Lao Leong was a Taoist monk and Grandmaster of Tsong Quo Chuen . Recalled by Gichin Funakoshi as the “shipwreck of Ahnan” and by others as “Channan” and “Chinto”. He was the martial arts expert who stayed and taught Chinese martial arts longer when the Okinawa island still coincided with the Ryukyu Kingdom.
On arriving in Tomari’s fishing village in the mid-1800’s, Lao Leong found shelter in a cave on the hills near the homonymous village. After a while, he was welcomed by Tomari’s nobles. In return for food and service, Lao Leong taught them his art. Like any martial artist, he was determined to teach what he knew, so Lao Leong, being a Taoist, also took the path of least resistance. He modified his martial art to be more like the harder external styles that the Okinawans were used to. His main students were Kokan Oyadamuri (Oyadomari), Kosaku Machimora (Matsumora) and Matse/Matsoe, of which the first two remembered by Shoshin Nagamine between the “Great three of Tomari”.
After completing the seven-year pilgrimage to Okinawa agreed with his teacher, during which he had to live and train alone as part of his growth in martial art, Lao Leong returned to Ahnan. In various ways, Lao Leong remained in touch with some of his Okinawa students who, over time, taught what they had learned to their own students.
In Fuzhou, Lao Leong continued to deepen his style until he became the official heir of Tsong Quo Chuen with the duty of continuing the family art. He transmitted the complete Chinese system and the simplified portion for his Okinawan students to his nephew Kushubi.
Lao Leong taught 15 forms in Tomari, the most important of which are Eunibu, Chinsu, Chinpe, Rohai, Bassai, Wanduan, Wanshu, Juma, Jumu and Nichin. A portion of this program was learned and again simplified by Anko Itosu and other experts, thanks to which new kata were born that nowadays belong to the curriculum of many modern karate styles.
Matsuetsu Kushubi was the Grandmaster of Tsong Quo Chuen. Before his death, he passed the mantle onto A.F. Walker, his adopted grandson. Born in Shuri from an Okinawan father and Chinese mother, he spent the first part of his karate training with his father and Anko Itosu, but he also had other famous teachers including Kanryo Higaonna, then known as “Toono”.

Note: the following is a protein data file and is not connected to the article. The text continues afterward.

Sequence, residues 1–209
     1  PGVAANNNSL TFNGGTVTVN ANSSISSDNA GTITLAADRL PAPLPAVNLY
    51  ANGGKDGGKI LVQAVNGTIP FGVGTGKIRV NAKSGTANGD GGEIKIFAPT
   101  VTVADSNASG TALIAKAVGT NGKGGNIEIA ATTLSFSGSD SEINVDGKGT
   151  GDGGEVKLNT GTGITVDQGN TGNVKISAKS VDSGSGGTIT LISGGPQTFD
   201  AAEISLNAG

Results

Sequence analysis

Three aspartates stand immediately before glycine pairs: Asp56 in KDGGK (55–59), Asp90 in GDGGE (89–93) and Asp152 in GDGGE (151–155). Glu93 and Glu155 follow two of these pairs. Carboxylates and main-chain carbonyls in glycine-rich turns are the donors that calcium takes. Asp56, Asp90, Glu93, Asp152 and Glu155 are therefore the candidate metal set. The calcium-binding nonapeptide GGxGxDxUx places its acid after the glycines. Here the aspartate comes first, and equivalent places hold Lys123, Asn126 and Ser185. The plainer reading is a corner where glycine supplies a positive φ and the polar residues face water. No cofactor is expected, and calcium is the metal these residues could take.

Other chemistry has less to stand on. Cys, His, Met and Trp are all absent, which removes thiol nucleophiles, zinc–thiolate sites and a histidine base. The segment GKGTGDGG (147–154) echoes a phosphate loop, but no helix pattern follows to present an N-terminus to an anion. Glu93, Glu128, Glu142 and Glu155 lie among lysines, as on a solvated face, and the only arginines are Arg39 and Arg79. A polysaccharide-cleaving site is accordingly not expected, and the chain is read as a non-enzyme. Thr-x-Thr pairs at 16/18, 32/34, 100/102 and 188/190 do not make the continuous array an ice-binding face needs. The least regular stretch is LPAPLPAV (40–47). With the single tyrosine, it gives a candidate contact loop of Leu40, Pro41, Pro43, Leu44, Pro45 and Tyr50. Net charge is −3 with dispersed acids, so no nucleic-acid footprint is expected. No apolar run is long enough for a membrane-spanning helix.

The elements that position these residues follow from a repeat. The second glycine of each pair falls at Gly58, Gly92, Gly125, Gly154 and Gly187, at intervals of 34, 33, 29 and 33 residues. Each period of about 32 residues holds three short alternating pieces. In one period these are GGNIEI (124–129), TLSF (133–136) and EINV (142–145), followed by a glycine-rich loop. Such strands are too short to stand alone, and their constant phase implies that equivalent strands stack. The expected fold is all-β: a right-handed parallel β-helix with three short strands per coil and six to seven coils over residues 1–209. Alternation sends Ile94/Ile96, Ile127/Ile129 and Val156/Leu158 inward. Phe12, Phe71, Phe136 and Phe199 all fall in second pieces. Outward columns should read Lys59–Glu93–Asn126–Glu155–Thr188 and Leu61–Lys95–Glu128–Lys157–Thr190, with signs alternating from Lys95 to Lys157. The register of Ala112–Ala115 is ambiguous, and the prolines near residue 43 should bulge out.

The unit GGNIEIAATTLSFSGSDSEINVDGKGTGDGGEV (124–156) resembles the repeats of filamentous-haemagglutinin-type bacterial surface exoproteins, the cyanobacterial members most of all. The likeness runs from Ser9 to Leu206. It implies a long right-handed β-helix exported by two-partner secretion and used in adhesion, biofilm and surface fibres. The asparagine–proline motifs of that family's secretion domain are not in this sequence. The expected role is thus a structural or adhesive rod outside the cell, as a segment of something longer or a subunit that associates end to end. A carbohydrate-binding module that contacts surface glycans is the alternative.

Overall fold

At the beginning of the 20th century, Kushubi decided to move to southern China to learn the Chinese art that was the root of his learning. Using his familial ties, Kushubi was introduced to the family art by his uncle. Here in Fuzhou, Kushubi was introduced to his uncle’s teacher (who happened to be his uncle’s father, and also the head of the style at the time). After a few years and just prior to the invasion of China by Japan, Kushubi began to learn directly from Lao Leong. During the enemy occupation, Kushubi’s pregnant wife was killed by the invaders and he himself was put into a foreigner’s retainer camp run by the Swiss. It was here that he met an American, A. Walker, who soon became Kushubi’s friend and student.
After the war, A. Walker reconnected with Kushubi and petitioned to have him come to the United States. After a while, Kushubi reached California where he continued teaching the Okinawan martial arts along with the Chinese arts he had learned from Lao Leong. Kushubi taught the Chinese art that forms the most advanced curriculum of Tsong Quo Chuen as a complete system.
A. F. Walker
A. Flane Walker is the current Grandmaster of Tsong Quo Chuen, of the introductory curriculum Pyong Hwa Do as well as the Grandmaster of Sagawa Kara Fu.
His father, A. Walker, introduced him to martial arts when he was 3 years old. After reaching adulthood, his father sent him to train directly under Matsuetsu Kushubi, who at that time was living in California. There, Kushubi transmitted to A.F. Walker both the Okinawan and the Chinese martial arts. A.F. Walker learned, as a complete system, the introductory material from Okinawa and the Chinese portion forming the most advanced curriculum. Until his death, Kushubi continued to teach A.F. Walker and a few other selected students. Master Kushubi then transmitted the art to his adoptive grandson and heir A.F. Walker.
In 2002, A.F. Walker published the book “The Ancient Art of Life and Death: The Book of Dim Mak”.